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Johann van Beethoven first became aware of his son Ludwig's aptitude for music when the latter was amusing himself by 'scraping at' a violin. After lessons from his father, the boy was also taught by his cousin Franz Rovantini and became a string player of sufficient skill to play the viola in the Bonn opera orchestra from 1789 onwards. Between the ages of 20 and 24 he set down on paper his earliest compositions for violin and keyboard: a sonata in A major that remained unpublished (Hess 46), 12 variations on an aria from Le nozze di Figaro published in 1793 (WoO 40), a rondo in G major written in 1794 but only released to Simrock for publication much later, in 1808 (WoO 41), and six German dances composed in Prague in 1796 for the Countesses Thun (WoO 42). However, these pieces cannot rival the ten sonatas for violin and piano composed between 1797 and 1812 which Isabelle Faust and Alexander Melnikov have long cherished the prospect of recording. The behind-the-scenes bonus documentary filmed on this occasion, gives an insight into the impressive work on documentation and interpretation that enabled them to get as close as possible to the composer's intentions.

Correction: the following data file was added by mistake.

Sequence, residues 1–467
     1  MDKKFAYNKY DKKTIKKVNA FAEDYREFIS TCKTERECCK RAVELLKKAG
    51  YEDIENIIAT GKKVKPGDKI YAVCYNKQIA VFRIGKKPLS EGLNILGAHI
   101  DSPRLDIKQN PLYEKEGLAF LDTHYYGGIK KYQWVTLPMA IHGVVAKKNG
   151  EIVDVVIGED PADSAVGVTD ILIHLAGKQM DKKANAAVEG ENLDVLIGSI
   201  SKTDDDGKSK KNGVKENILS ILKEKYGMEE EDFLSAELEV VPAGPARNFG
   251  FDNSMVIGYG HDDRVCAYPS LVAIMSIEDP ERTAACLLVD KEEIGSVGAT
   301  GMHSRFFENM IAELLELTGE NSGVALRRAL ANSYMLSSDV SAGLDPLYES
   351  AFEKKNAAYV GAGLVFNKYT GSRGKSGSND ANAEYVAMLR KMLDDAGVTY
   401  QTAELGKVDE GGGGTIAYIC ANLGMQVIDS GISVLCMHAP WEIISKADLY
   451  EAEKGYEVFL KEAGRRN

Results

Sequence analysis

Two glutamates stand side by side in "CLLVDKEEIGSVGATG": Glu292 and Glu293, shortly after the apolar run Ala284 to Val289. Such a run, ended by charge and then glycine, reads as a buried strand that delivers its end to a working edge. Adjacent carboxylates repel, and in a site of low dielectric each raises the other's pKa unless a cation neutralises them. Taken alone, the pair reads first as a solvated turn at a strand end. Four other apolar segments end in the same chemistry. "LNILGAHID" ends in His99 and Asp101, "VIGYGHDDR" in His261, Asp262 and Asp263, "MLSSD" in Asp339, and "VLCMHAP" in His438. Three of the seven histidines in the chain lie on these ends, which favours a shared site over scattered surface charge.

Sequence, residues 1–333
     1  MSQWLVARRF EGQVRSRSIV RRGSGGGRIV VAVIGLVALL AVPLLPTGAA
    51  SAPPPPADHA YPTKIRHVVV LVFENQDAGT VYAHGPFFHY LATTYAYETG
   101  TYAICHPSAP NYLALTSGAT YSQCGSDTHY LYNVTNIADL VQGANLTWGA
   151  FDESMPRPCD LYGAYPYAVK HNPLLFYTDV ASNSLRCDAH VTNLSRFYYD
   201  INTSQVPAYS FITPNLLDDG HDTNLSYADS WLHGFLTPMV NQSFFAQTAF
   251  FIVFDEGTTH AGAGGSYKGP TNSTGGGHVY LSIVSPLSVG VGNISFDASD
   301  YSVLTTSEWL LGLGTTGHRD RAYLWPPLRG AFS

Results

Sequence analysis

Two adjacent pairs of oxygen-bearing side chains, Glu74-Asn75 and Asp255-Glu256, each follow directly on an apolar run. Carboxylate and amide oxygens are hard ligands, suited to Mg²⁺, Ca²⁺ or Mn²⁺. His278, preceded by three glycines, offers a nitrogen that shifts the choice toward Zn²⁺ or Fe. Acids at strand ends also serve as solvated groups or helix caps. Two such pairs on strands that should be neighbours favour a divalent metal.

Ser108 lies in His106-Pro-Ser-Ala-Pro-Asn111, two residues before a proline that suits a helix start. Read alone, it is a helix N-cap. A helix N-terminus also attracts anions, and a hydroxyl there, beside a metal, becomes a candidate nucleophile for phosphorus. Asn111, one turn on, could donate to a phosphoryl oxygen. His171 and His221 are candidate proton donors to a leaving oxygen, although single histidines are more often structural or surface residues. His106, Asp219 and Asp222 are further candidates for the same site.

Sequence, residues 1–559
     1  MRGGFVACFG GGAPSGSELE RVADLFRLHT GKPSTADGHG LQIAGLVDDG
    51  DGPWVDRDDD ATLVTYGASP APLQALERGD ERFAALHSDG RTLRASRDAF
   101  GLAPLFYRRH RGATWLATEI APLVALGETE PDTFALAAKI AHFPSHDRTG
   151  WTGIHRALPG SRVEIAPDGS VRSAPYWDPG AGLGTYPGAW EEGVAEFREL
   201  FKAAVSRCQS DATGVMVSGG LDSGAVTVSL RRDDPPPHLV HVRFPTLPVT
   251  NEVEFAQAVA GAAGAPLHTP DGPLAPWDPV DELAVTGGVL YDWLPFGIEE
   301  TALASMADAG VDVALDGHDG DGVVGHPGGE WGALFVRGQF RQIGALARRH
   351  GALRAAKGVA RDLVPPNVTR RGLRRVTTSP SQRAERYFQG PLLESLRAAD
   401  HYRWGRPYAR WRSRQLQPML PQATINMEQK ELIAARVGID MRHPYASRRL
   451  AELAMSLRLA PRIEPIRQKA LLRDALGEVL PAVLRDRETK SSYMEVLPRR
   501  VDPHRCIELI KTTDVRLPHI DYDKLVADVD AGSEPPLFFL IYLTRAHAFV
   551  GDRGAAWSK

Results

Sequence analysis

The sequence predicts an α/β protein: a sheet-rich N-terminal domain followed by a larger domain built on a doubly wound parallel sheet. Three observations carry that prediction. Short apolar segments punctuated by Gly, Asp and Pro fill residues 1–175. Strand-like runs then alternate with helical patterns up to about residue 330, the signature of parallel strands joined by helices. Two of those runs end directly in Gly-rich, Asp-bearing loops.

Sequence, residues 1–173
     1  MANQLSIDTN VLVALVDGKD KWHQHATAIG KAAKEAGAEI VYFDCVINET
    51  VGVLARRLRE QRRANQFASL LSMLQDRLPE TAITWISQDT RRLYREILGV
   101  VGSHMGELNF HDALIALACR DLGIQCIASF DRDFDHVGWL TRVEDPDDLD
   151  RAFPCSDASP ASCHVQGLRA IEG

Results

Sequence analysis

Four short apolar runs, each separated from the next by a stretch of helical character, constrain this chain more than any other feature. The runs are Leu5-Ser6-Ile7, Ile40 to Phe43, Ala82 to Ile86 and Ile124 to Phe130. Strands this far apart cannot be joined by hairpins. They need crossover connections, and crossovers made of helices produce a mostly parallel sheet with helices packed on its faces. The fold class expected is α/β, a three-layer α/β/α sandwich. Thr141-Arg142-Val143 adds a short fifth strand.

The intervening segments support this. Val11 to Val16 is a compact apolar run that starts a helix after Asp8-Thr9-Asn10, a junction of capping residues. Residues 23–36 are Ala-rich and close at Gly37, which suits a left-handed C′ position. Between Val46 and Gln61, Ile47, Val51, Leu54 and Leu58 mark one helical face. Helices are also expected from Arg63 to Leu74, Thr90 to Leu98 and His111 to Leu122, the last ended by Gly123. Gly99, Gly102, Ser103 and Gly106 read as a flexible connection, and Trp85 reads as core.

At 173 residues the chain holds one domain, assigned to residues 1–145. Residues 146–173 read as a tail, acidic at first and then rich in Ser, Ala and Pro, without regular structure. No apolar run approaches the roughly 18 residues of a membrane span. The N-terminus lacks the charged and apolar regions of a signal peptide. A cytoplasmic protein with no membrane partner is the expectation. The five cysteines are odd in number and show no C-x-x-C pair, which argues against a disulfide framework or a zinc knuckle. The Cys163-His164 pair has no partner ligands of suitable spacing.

Beethoven: Violin Sonata #1 In D, Op. 12/1 - 1. Allegro Con Brio
Beethoven: Violin Sonata #1 In D, Op. 12/1 - 2. Tema Con Variazioni: Andante Con Moto
“…the most stimulating and fascinating accounts of the Beethoven violin sonatas I have heard in many years. Isabelle Faust and Alexander Melnikov bring out the full quirkiness of the earlier works as well as their beauty, and their playing is remarkably accomplished throughout.”
27 September 2009
CD of the Week
“Outstanding, and essential listening.”
“A triumph of probing musicianship that sets new standards in the digital era.”
“a remarkable set of recordings: Beethoven’s music can be tragic, elegiac, profound, but it can also make you want to clap for joy, and here these two have the heart of it.”
“The musical sleight of hand used by these expert players to focus the very different character of each sonata is in itself cause for wonder. Though quite different as musical personalities...the combination of the two fires a laser between the staves...A marvellous set.”
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